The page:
What if My Neighbour’s Tree Falls on my Property?
Prince Edward County escaped a direct hit from the severe thunder and windstorm which recently swept through the region. It caused widespread power outages as well as property damage from falling trees and other objects. Can you hold a neighbour responsible for damage occurring to your property if the tree was located on their property?
The neighbour could potentially be held liable if the tree was previously identified as a known hazard, the owner(s) had legally been put on notice to take action, and had failed to do so. Proper documentation regarding the hazard is essential for liability to be triggered.
Often times, in a severe windstorm, even totally healthy trees can be brought down, so liability would not come into play. If the neighbour feels some responsibility, there is a coverage in Section 2 of the Homeowners Policy called Voluntary Damage To Property, which allows the homeowner to compensate the third party up to a modest, limited amount without accepting liability. This is often referred to as a “goodwill” or “good neighbour” coverage.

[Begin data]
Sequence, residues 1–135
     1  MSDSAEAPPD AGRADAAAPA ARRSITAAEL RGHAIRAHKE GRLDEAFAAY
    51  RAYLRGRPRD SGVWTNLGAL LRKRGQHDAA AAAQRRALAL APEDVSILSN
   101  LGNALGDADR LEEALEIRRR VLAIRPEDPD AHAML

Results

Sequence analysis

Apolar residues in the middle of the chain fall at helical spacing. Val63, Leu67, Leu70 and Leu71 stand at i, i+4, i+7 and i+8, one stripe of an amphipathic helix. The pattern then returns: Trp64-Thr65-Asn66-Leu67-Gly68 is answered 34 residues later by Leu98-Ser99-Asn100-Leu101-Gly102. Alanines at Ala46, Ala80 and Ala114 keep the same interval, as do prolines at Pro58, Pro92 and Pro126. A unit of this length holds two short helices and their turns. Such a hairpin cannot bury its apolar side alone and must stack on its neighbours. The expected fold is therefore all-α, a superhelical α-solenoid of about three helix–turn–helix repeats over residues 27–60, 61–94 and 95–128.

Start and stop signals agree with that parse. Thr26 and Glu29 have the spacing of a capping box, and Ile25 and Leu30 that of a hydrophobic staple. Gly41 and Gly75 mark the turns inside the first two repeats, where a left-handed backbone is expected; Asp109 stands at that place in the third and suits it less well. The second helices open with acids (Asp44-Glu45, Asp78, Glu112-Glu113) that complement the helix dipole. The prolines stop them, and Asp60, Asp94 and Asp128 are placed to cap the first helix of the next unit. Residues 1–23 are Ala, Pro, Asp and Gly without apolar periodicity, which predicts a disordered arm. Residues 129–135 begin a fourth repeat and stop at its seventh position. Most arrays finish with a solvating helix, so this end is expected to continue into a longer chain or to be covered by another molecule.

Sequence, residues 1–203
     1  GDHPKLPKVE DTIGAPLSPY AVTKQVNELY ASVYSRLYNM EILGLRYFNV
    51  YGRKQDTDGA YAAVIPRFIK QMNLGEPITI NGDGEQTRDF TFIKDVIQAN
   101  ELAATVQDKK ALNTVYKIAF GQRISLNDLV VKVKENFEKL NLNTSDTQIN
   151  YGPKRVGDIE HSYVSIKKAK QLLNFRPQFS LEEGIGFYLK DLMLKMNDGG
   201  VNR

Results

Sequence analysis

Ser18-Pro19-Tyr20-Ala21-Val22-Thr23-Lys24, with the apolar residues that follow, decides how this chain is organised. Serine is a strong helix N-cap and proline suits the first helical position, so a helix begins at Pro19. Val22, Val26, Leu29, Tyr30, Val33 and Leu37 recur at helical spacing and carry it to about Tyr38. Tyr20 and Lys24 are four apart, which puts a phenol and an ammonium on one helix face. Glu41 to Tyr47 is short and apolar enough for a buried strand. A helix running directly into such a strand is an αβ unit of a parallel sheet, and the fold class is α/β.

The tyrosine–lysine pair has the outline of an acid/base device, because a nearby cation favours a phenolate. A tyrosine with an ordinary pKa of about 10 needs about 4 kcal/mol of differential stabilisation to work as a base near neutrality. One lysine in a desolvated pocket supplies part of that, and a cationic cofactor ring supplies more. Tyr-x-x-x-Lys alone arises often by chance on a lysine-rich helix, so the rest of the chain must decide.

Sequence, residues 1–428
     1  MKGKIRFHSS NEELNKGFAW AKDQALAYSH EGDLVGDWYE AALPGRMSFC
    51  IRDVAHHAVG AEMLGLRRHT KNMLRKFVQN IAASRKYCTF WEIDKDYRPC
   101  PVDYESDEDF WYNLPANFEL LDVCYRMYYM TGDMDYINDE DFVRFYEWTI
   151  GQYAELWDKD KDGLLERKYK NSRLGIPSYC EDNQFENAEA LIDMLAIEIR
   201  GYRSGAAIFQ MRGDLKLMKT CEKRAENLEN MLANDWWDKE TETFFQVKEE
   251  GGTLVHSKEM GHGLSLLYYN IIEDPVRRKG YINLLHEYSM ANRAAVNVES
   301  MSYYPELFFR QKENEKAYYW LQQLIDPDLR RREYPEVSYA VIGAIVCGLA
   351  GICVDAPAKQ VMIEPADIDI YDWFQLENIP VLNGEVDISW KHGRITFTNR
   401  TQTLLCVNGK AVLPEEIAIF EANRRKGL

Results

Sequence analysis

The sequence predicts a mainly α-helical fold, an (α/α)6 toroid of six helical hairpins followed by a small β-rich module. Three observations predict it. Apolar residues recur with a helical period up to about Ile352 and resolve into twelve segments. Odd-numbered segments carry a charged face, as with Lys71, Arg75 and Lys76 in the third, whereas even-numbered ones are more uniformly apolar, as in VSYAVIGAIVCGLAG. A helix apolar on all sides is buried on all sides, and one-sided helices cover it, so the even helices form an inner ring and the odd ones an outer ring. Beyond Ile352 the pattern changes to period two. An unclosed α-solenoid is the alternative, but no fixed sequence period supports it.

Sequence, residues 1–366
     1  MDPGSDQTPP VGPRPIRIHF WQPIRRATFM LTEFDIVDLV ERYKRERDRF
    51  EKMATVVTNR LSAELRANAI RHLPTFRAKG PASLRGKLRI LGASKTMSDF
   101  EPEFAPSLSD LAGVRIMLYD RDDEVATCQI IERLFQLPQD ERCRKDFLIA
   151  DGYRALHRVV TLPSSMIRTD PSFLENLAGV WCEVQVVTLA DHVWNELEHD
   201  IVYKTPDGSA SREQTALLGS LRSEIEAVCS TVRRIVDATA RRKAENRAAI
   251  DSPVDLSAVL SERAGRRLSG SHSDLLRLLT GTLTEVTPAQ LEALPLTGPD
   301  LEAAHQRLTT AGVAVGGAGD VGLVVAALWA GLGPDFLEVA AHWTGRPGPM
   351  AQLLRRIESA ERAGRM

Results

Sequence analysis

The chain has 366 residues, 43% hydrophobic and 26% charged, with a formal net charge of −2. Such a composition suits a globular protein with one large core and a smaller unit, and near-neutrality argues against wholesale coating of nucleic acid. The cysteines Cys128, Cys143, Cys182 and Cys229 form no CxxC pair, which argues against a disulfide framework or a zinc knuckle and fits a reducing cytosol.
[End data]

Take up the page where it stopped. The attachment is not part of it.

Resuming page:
If the tree fell on a vehicle you own and the vehicle carries comprehensive coverage, the damage would be covered subject to the deductible.
If the fallen tree caused damage to your dwelling, an outbuilding, or any other permanently installed outdoor structure, such as a fence or swimming pool, your own homeowners policy would respond for the necessary repairs to restore the building/structure, once again, subject to the policy deductible. Insurance will cover the removal of the tree from the damaged building/structure, but not for its removal from the property.
Contact your broker for advice and clarification concerning any of the above information.